Archive for ‘Books read in 2015’

April 2, 2015

March Reading

I’ve been bad at reading this last few months but March wasn’t so bad.


Zen Cho, Spirits Abroad: I’m reviewing this elsewhere and will post the piece here when it’s out, but the important revelation that I had about Zen Cho (other than that her work is brilliant comfort reading) is that she reminds me of Joan Aiken. I’m not sure there’s a higher compliment.

Deji Bryce Olukotun, Nigerians in Space: For a review. I will not be counting this in my stats for the year because it’s a reread; it’s worth reminding the world that it’s great, though.

Kavitha Mandana, Nayantara Surendranath, A Pair of Twins: I’ll have a piece on this up in a couple of weeks. Feminism and elephants and excellent art.

Shobha Viswanath, Sadhvi Jawa, An Elephant in My Backyard: I also liked this very much, for reasons that will remain mysterious until next week’s column is republished on the blog.

Danez Smith, [insert] boy: I discovered Danez Smith’s work a few months ago, when Sridala linked me to “Not an Elegy for Mike Brown” (at Split This Rock, but I’m linking to Buzzfeed because that way you also get  “alternate names for black boys”) and was broken by it in the best way. I read this collection in bits over the month and it may not have been the wisest choice for a fragile time, and I’m still trying to work out how to talk about it because I’m quite sure I need to. But you should read it.

Alan Garner, Red Shift: For a Strange Horizons book club discussion (with some of my favourite people) which you can find here.

Haruki Murakami, The Strange Library: I wrote about this here.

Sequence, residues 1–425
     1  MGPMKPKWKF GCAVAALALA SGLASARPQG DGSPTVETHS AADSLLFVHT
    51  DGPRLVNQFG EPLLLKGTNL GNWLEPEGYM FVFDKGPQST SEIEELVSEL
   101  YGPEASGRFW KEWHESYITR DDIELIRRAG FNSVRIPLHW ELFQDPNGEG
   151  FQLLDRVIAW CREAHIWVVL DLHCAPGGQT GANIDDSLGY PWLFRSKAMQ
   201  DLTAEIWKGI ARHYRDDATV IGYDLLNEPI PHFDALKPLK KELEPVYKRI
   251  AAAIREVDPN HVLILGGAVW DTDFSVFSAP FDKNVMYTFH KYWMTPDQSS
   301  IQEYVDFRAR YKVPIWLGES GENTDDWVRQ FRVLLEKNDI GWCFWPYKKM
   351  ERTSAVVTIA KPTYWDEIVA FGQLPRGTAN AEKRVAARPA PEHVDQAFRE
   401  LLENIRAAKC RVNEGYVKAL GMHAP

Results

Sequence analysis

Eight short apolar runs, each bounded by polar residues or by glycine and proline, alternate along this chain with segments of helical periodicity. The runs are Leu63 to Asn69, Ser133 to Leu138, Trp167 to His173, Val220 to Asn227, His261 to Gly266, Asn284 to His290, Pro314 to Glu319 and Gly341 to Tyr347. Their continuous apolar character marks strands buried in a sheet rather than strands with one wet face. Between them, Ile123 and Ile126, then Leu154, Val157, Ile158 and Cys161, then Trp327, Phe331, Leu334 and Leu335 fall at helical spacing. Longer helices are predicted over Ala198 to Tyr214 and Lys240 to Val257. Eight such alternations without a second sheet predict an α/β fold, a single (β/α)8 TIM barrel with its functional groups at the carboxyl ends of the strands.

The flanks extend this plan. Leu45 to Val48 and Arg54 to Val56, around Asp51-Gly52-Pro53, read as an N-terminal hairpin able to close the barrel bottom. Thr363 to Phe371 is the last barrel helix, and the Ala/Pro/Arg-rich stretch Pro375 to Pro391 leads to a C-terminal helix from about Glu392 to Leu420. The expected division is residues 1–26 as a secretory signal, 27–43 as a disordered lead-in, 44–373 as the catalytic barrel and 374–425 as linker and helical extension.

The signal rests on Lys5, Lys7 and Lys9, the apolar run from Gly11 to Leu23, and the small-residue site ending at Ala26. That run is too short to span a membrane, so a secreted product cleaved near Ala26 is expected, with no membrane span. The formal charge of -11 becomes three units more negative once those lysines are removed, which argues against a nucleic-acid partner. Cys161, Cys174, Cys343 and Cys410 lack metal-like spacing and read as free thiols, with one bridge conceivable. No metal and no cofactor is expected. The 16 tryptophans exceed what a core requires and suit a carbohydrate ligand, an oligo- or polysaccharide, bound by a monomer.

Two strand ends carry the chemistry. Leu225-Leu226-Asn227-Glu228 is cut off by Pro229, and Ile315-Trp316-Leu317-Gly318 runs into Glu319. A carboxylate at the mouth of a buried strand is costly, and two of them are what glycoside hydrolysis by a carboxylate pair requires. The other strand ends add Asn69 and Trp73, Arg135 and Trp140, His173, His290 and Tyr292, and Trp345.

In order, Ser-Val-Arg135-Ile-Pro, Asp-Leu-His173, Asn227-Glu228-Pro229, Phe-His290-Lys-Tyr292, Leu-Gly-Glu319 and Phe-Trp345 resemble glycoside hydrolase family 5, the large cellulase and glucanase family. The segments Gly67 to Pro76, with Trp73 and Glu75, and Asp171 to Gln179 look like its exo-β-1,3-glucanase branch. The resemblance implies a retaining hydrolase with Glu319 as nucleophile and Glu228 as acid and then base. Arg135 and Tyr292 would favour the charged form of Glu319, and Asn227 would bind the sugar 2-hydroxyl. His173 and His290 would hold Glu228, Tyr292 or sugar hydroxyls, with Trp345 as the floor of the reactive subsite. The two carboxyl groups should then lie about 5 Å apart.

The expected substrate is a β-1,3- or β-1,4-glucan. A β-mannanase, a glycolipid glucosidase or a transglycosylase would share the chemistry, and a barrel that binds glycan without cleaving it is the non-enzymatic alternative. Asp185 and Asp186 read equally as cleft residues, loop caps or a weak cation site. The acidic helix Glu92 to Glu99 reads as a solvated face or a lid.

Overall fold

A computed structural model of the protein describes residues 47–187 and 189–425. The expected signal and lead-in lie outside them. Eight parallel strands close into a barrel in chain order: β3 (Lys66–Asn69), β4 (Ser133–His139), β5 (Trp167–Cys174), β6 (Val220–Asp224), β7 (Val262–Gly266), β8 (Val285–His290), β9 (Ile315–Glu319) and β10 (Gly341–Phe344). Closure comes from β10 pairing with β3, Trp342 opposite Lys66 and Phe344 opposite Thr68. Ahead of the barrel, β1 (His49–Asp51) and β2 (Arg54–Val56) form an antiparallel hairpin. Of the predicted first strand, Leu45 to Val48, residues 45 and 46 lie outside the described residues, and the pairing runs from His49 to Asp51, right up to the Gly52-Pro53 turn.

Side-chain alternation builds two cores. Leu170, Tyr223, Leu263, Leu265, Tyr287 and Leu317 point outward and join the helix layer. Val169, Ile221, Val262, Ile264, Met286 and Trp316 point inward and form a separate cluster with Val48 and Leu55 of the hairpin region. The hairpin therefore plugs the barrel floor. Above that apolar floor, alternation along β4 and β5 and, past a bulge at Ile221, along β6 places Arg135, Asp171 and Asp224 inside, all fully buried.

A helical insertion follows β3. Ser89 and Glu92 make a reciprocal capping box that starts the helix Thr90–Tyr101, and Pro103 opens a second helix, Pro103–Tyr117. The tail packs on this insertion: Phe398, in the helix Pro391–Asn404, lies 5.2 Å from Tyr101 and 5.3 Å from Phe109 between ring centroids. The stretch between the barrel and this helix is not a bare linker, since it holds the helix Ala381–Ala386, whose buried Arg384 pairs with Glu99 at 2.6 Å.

Gail Carriger, Prudence (The Custard Protocol): I’m going to have to write something longer on this because it’s set in steampunk-supernatural colonial India and almost does some clever things and then … does so many other things which are not so much “clever” as “terrible”.

Kazuo Ishiguro, The Buried Giant: I’m discussing this elsewhere and will be posting a link when that’s up, but rarely have I seen so many critics so confused by something that doesn’t fit an expected shape. And yet it’s not that strange.

March 5, 2015

February Reading

A slightly better month than January, anyway.


Jennifer Marie Brissett, Elysium: I’ve been writing a longer piece about post-catastrophe fiction and my feelings around it and I’m hoping to unpack my thoughts on Elysium as part of this at some point in the near future. But it is very, very good, and also you should read this brilliant review by Niall Harrison (I am biased because I edited it, but it really is.)


Robin Stevens, Arsenic for Tea: Stevens’ first book, Murder Most Unladylike, might have been written for me. School stories? Murder mystery? Queerness? General inter-war-ness? Non-white readers of English popular fiction? Come on. Arsenic for Tea is not set in a school and is almost entirely heterosexual (or is it? I know who I was shipping) but despite these flaws it is wonderful–it continues that uncomfortable, strong relationship between Daisy and Hazel, will never allow you a comfortable ending, will make its most loved characters as monstrous as it needs them to be. It’s a funny, cosy crime story, but it’s ruthless in places that are crucial to it.


Julia Quinn, The Secrets of Sir Richard Kenworthy: I feel like the whole Smith-Smythe series has been a bit of a letdown after the glorious heights of What Happens in London and Ten Things I Love About You. I’m aware that the form requires some terrible thing to come in between our main characters, but in this case I think it may have been too big a thing, and the fallout felt rather phoned in. Meh. (Edit: I managed to mistitle this and strip Sir Richard of his title. Clearly it did not make a big impact upon me)